If you're not into Peter Jackson's adaptations of J.R.R. Tolkien, you probably think his Lord of the Rings and Hobbit movies are all the same. Hobbits and dwarves and wizards walking and walking and walking in a quest to reach some place and do some thing while encountering many perilous distractions and obstacles along the way.

On a basic level they are correct. But why, then, was last year's The Hobbit: An Unexpected Journey not nominated for Best Picture, as all three of the LOTR installments had been? It's not simply because the Academy felt it had been there, done that. Critics and audiences alike found the newer movie of Tolkien's Middle-earth stories to be of lesser quality than the earlier trilogy.

And now the second part of The Hobbit, The Desolation of Smaug, is being said by some to be an improvement over the last -- of course, there are also some critics who say they prefer An Unexpected Journey. They are definitely different kinds of movies, and the favor for one or the other may lie in your preference for a more linear story or a more digressively interrupted sort.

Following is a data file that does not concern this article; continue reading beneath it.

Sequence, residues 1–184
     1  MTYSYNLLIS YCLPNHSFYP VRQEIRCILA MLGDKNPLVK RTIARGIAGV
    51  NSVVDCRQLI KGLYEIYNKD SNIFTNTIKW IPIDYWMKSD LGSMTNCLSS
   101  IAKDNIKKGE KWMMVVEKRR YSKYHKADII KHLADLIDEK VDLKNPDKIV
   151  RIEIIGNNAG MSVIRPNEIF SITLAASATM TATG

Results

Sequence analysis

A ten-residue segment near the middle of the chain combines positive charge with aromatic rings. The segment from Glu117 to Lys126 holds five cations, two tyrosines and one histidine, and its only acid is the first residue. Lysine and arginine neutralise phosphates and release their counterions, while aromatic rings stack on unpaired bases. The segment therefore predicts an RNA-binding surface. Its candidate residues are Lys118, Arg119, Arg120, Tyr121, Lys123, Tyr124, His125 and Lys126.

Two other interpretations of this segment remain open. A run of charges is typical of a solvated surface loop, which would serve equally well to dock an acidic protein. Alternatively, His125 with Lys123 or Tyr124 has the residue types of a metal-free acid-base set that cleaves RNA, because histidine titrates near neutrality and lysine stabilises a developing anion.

Almost everyone agrees the Lord of the Rings movies are still better. So, the question of which of Jackson's adaptations is the very best falls to one of these three. There's hardly a simple consensus, however.

While Hollywood chose the final installment, The Return of the King, to receive the only Best Picture Oscar among them, this award is largely viewed as recognizing the whole trilogy. Still, a lot of fans do indeed favor Return over The Fellowship of the Ring and The Two Towers. The reasons why can be as various as the number of minutes in these long, epic fantasy films, too.

This week, I polled Twitter users on their pick for the best Peter Jackson-directed Middle-earth movie, and this is the scattered result followed by a sampling of the tweets:

The Lord of the Rings: The Fellowship of the Ring: 4

The Lord of the Rings: The Two Towers: 5

The Lord of the Rings: The Return of the King: 3